Do you have a duty to follow up on a rumor?

yesterday i was debating with a colleague at another company about the issue of whether you have a duty to follow up on a rumor that an employee is in this country illegally. he heard a rumor that a employee who emigrated from italy had entered in a sham marriage to get immigration papers. should he investigate? does the law require that je investigate or report it to immigration?


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  • I'm not sure you have a "duty" to follow up on a rumor since if you followed up on every rumor, you'd be doing nothing but that.  The bigger issue is knowing whether or not th employee has legitimate working papers.  How he got those papers is none of your business as long as they are authentic.  It's an INS issue  and if you are truly concerned, then you should contact them with the issue.  Additionally, people like to talk about others entering into strange agreements to stay in the country.  This could be that or it could be something worse.  If it's keeping your friend up at night, then he should contact the INS to find out what to do.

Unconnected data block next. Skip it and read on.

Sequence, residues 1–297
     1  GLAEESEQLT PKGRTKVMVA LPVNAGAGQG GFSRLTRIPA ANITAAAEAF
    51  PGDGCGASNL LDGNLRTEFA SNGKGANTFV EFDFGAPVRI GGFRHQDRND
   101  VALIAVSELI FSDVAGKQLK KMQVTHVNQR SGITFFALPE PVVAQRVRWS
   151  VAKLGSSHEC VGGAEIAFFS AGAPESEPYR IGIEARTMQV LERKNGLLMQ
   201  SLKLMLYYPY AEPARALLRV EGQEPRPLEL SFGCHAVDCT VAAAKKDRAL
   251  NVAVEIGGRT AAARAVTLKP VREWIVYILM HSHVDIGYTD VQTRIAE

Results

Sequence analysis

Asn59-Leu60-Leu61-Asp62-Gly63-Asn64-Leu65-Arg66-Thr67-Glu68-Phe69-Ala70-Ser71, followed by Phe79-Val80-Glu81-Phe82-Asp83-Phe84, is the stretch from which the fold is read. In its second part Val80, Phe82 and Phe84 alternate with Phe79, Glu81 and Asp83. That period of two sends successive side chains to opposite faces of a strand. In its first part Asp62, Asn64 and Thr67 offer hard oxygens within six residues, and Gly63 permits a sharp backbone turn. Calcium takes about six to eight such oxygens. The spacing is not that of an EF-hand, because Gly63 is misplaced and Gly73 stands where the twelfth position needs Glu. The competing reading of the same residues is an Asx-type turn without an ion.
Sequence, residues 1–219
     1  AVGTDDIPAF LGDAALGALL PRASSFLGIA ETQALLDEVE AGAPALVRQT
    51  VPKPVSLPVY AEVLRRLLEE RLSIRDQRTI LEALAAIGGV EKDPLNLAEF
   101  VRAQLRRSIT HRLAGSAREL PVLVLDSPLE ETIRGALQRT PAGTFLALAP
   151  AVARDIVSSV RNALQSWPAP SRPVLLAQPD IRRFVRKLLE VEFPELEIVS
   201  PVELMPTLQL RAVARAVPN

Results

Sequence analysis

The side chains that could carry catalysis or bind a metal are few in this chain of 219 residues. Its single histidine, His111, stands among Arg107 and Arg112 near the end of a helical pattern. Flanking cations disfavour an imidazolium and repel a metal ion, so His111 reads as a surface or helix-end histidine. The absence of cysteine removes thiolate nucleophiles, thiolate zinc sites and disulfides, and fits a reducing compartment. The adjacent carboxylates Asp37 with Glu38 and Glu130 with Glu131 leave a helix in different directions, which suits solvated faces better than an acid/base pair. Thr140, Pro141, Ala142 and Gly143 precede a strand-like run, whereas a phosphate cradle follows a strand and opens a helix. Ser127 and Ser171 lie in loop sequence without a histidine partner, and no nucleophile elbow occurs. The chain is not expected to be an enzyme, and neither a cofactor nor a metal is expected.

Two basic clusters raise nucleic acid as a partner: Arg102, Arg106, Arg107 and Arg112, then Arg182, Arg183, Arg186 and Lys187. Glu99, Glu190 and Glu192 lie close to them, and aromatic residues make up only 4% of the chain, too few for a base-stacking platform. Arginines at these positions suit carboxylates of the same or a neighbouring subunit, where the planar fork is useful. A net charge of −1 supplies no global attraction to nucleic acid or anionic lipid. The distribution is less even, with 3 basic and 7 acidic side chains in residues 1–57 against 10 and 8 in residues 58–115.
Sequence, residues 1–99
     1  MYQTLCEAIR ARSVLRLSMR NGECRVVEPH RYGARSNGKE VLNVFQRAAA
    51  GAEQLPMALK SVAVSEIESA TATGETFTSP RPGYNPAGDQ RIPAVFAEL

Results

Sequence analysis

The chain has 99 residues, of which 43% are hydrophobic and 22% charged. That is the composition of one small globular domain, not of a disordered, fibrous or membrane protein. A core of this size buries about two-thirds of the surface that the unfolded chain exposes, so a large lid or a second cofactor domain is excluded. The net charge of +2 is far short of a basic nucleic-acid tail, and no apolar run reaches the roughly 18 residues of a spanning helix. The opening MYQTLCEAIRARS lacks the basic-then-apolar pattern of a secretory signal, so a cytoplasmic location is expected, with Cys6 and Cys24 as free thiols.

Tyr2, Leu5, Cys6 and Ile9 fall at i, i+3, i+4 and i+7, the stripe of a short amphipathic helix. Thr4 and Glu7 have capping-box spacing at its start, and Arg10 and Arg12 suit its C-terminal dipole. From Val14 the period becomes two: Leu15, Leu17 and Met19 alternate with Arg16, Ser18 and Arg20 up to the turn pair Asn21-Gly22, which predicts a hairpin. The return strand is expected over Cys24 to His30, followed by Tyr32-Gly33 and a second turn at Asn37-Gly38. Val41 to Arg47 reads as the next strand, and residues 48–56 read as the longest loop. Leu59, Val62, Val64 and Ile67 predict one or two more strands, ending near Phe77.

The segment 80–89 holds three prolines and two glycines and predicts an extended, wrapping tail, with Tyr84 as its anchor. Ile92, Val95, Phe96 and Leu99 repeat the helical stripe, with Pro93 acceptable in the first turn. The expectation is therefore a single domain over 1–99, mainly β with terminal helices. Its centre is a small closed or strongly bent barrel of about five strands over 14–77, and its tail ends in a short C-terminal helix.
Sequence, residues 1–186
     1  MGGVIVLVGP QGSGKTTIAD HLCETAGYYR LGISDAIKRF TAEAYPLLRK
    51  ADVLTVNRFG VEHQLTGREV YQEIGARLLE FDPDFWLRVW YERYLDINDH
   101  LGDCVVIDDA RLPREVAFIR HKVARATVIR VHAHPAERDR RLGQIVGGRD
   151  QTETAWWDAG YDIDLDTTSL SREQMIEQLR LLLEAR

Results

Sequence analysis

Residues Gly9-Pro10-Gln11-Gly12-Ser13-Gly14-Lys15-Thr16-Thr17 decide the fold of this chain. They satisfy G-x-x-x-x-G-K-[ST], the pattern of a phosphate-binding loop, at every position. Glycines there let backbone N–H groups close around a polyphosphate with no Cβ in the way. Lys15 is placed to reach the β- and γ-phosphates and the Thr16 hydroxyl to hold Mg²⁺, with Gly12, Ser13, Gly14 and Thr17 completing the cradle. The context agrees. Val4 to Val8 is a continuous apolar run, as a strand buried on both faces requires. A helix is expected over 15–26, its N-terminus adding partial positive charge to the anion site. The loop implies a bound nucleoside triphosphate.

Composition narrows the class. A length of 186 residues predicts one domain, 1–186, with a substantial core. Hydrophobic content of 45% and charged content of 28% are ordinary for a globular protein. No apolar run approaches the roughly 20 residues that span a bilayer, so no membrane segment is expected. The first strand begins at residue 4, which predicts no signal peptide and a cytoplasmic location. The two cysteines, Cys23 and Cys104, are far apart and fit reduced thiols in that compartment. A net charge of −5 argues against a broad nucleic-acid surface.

• I agree with efeldman.  I don't think you have a duty to follow up as long as the company has done what they are supposed to when the person was first hired.  If the company followed all of the guidelines related to filling out the I-9 and viewing the appropriate documentation then you should be good to go.  If he is worried, then maybe now is a good time to conduct an I-9 audit on all of your employees to make sure you are in compliance, should the government ever come in and want to take a look at your documentation.



  • I heard a rumor that an employee was picking his nose - do I have a duty to follow up? 
    Okay - I'm being facetious, but you get the idea.  I'm not going to spend my day chasing after rumors.  I understand your concern of this being something illegal, but unless you have more than just grapevine talk, I would leave it on the grapevine.
  • We need to know more about what the courts are going to say about this "constructive knowledge" business.  For now, my thought is that if your paperwork appears to be genuine and pertain to the person who used it to demonstrate identity and right to work, then you are covered.  Now, if the documents look like poorly constructed counterfeits and you let them pass, that's another story.
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